Street art should be free art

argues that a member of the public’s trying to remove and sell Banksy’s most recent work goes against what the street artist stands for

Image credit: Banksy

Image credit: Banksy

This week Banksy’s latest work (or, potentially, two works) has caused a stir. The ‘Mobile Lovers’ discovered in Bristol on Monday shows a couple embracing. Instead of looking deeply into each other’s eyes they are busy staring at their phones. This is a powerful depiction of 21st century romance and love via smartphone, with all its apps and gadgets. Instead of face-to-face relationships, human communication and expression are transferred to a cyber world, a chilling image of the 21st century couple and humanity, cold blue light illuminating the dark figures.

Banksy may be sending out a warning. After all, he is well known for confronting current issues and expressing his opinion. Is Banksy asking us to consider and rethink or is he merely portraying today’s society?

This is not the most controversial part of the Mobile Lovers’ story. Within a few hours of being found the Couple was removed by Dennis Stinchcombe from Broad Plains Boys Club using a crowbar, his intention to sell it to fund his club. The club kept hold of the painting to keep it safe saying people could see it for “a small donation” when the work had been free to view just hours before. Now in a Bristol gallery, whilst the decision on its future is debated, this leads to the question of whether we can call this image art or graffiti and whether Stinchcombe had the right to remove it.

The problem with Banksy’s work is that it is not commissioned, it just appears. Whilst people argue that his work is serious art, some still consider it vandalism. This links to the ‘spying mural’ which ‘appeared’ in Cheltenham on Sunday. Located near the GCHQ it shows three men in 1950s style coats using devices to spy on the pay-phone the art work surrounds, perhaps commenting on government control or the recent phone hacking scandal. It has yet to be claimed to by Banksy. This, unlike the ‘Mobile Lovers’, is actually painted onto a building and a private building at that. Is this legitimate art or just graffiti when it would be reasonable for the building’s owner to paint over it, as no permission was given to paint it in the first place.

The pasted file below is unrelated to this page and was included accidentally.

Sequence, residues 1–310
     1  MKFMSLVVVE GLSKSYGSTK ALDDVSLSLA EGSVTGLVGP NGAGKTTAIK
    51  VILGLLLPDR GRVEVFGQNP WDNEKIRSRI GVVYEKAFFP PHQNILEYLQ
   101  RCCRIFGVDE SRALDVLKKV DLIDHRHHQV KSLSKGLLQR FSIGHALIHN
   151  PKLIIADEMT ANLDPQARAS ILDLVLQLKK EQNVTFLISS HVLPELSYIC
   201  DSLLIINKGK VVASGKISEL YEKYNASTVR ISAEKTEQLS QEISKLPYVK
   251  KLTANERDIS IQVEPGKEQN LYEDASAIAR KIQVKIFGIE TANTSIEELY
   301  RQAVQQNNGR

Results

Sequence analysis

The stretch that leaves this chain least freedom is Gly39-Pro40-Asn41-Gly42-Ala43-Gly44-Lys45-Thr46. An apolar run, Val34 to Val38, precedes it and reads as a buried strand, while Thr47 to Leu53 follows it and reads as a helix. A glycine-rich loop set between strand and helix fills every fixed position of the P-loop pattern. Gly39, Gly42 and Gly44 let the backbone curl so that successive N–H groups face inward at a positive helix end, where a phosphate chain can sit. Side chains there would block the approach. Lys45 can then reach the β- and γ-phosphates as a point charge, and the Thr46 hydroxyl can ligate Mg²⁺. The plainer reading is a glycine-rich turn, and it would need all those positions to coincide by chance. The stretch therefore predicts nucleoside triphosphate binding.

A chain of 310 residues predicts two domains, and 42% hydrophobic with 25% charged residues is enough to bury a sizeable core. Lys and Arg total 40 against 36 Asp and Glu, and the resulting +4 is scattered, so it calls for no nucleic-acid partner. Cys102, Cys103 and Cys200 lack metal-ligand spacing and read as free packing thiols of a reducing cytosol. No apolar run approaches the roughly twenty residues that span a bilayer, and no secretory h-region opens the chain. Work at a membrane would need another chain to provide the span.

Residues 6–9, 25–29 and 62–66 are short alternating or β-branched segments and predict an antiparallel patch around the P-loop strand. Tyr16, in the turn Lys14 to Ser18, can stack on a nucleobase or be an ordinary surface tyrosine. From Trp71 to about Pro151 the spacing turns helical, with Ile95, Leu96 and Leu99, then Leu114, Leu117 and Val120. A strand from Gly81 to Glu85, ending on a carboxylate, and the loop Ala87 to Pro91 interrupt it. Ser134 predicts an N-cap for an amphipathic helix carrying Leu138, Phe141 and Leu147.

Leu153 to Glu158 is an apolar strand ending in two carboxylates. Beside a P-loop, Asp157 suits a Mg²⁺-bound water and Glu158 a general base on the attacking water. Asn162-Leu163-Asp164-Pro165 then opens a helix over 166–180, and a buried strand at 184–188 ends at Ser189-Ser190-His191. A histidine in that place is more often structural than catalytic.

Image credit: grahamcluley.com

Image credit: grahamcluley.com

Is this the same for the ‘Mobile Lovers’ who although not painted directly onto a wall, were attached to public property? No matter, it surely did not give Stinchcombe the right to move this work. The mayor of Bristol rightly declares that it is not the Club’s property to sell. Whilst Stinchcombe might have seen it as a way to make money, many people will see it as a cultural addition to the city. Such art does not belong in a gallery. It is intended to be on the street, to be accessible to everyone. It is up to the community to be responsible for such works and keeping them in good condition if they wish to retain them in the community at large.

So what are we to do with such works and how do we protect them for public enjoyment? If showcased on public property owned by the council, as the Bristol ‘Mobile Lovers’ are, it seems to be up to the community and the council, not one man to decide what should be done. It was theft to remove the ‘Mobile Lovers’. It’s sad that instead of focusing on the art work itself the attention has shifted to its controversial removal by someone who saw it as a “gift” from Banksy. No such intention has been stated by the artist although it was painted in a public place and could be construed as such to be a gift for the public. Such street art will always be under threat from vandalism and thieves but to remove a public piece of art using a crowbar to sell for private gain is surely unacceptable. Put there for public viewing, it should be up to the public and council to decide what is done with the work and not one man or his club.

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